The latest fireworks over the "morning-after pill" weren't in Congress, or at the U.S. Food and Drug Administration, but in Kent, Wash., at last week's meeting of the normally obscure state Board of Pharmacy.
After months of controversy and a flood of 16,000 comments, the board followed Gov. Christine Gregoire's (D) suggestions and refused to give legal protections to pharmacists who for moral reasons object to dispensing the high-dose birth control pill.
The action, though, doesn't end the tempest in Washington state. Druggists already are raising objections to the board's proposed rule, which still needs final adoption. And birth control advocates are calling for the board to investigate at least four drug stores that refuse to stock the emergency contraceptive pill, known as Plan B.
As Washington's case shows, the FDA's decision last month to let women over age 18 buy the morning-after pill without a doctor's prescription won't end heated disputes in state capitols over emergency contraception. Instead, the FDA action thrusts pharmacists - more than ever - into the middle of the fray and presents additional issues that may land in state policy-makers' laps.
"What this does is shift the burden from doctors with prescribing rights and privileges to pharmacists," said Deirdre McQuade, the U.S. Conference of Catholic Bishops' spokeswoman on birth control matters.
"We had been putting our efforts into preventing the FDA from doing this. … Now it seems like it's going to be a state-based matter," McQuade said. She added, however, that the conference hadn't yet decided what action to take at the state level.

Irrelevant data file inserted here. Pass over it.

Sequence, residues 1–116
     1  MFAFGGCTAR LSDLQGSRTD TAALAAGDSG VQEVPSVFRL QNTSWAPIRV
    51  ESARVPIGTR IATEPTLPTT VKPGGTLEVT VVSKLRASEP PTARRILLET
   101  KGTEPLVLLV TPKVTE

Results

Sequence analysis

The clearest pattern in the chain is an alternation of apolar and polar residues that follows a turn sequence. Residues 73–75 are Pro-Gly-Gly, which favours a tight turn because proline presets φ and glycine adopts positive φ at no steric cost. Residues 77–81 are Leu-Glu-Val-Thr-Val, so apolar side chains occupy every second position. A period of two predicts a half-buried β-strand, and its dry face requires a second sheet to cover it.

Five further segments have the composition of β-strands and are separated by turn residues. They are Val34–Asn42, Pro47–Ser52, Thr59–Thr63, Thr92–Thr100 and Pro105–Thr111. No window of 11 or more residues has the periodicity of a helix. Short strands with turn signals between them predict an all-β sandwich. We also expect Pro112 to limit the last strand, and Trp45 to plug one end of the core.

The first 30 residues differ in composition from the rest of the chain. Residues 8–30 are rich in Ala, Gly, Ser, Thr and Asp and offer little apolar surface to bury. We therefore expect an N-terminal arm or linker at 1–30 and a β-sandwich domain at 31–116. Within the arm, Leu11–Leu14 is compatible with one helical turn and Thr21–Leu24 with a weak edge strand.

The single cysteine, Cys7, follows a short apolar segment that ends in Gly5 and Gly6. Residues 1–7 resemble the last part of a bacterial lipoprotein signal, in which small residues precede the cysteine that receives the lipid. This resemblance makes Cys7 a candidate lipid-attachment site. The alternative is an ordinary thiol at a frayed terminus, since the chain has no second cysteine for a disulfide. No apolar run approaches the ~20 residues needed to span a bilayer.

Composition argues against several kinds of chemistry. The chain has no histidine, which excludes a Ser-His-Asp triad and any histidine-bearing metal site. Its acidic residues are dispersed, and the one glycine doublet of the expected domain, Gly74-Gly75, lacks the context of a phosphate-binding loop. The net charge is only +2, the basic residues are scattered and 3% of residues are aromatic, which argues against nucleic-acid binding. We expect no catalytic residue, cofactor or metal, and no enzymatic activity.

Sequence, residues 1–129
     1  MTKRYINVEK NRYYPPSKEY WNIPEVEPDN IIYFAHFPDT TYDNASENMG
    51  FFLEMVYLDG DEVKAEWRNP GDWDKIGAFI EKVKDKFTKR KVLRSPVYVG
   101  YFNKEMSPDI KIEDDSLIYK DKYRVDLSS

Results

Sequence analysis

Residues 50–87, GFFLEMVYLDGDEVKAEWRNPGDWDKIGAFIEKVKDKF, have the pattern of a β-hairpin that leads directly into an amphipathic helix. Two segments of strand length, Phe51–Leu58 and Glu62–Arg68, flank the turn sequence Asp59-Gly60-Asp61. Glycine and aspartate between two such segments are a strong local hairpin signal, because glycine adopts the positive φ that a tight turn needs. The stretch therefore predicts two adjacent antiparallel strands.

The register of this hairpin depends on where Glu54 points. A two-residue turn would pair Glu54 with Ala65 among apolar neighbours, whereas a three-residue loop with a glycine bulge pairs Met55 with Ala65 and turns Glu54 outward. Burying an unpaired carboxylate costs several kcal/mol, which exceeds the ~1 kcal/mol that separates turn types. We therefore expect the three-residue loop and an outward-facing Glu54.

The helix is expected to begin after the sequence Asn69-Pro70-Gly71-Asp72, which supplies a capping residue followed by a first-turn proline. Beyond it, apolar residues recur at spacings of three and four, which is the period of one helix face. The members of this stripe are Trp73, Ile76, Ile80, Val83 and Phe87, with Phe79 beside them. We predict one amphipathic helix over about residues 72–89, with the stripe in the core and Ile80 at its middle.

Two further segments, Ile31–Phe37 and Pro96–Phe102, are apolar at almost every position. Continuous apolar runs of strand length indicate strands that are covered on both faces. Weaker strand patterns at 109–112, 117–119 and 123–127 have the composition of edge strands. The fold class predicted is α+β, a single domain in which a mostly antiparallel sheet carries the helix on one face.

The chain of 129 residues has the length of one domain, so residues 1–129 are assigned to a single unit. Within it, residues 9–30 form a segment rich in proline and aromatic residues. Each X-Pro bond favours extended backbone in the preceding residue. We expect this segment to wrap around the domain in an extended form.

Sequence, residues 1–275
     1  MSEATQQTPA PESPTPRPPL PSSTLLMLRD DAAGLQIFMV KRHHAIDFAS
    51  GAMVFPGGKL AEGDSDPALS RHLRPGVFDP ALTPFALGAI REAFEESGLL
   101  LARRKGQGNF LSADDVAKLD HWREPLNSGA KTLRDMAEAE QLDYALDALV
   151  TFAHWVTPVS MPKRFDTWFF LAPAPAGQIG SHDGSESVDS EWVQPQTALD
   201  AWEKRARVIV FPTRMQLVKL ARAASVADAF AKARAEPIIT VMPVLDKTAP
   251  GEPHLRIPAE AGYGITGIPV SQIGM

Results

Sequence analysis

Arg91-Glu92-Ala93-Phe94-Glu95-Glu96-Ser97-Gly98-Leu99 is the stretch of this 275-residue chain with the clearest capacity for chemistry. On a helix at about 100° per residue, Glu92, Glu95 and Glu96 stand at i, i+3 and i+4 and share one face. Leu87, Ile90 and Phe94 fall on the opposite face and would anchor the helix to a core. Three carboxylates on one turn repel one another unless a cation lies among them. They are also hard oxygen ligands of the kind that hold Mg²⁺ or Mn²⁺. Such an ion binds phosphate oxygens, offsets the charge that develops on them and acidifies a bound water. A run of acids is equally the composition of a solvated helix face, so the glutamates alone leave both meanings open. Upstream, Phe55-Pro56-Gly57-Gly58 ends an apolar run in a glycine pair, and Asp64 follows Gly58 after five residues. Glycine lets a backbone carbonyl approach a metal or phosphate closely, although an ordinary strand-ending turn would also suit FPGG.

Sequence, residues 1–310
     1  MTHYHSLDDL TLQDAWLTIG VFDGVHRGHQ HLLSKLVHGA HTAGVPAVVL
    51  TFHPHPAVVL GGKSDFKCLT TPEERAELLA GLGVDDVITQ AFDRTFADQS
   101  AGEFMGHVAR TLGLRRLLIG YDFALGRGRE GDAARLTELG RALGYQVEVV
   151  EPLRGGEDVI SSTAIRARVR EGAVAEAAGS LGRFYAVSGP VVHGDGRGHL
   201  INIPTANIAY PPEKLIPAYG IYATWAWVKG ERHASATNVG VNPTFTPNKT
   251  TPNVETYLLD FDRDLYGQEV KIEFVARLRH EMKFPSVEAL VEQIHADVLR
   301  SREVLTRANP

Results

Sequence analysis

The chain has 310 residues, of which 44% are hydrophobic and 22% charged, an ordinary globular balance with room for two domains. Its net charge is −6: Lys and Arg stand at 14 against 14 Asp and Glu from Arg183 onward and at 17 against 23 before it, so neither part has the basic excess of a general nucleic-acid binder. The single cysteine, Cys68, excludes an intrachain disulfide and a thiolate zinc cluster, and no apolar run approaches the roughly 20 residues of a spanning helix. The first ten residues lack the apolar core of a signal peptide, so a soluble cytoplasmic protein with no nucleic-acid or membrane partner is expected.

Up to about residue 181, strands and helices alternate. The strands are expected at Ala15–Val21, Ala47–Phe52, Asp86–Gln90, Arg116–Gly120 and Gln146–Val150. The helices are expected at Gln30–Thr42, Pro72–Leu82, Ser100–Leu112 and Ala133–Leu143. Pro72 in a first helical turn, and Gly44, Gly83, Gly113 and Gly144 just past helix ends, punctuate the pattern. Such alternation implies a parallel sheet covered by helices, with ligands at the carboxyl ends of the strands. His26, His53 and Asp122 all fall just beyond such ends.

Emergency contraception is controversial because it poses moral questions similar to those raised in the abortion debate.
The Catholic bishops and others who believe life begins at conception object to Plan B because of the possibility that it may prevent a fertilized egg from implanting on the uterine wall.
But those who want greater access to the morning-after pill argue that the drug works the same as standard oral contraceptives, primarily by preventing fertilization of a woman's egg. Taken within 72 hours of unprotected sex, the pill can prevent 89 percent of pregnancies, according to Plan B's manufacturer, Duramed, a subsidiary of Barr Pharmaceuticals Inc.
Plan B is distinct from the abortion pill RU-486. The abortion pill can terminate pregnancies for up to seven weeks, whereas emergency contraception will have no effect on an embryo that already has attached to the uterus. Pharmacists cannot dispense the abortion pill, because it must be taken in the presence of a doctor.
A multi-state issue
Like Washington's pharmacy board, states have been struggling with how to balance the rights of patients to get access to Plan B and the rights of health care providers to follow their religious or moral convictions.
Pharmacists have lost their jobs in Illinois, Texas and Wisconsin for their unwillingness to dispense emergency contraception. Wal-Mart, the nation's largest retailer, reversed policy and began stocking the morning-after pill nationwide in March after state regulators in Illinois and Massachusetts ordered pharmacies to carry the drug.
Massachusetts Gov. Mitt Romney (R), a possible presidential contender for 2008, touched off a furor when his administration suggested that Catholic hospitals would not be subject to a state law mandating that emergency rooms offer emergency contraception to rape victims. He quickly reversed that stance.
States are split over whether to give priority to health care providers who have ethical concerns or to women seeking contraception.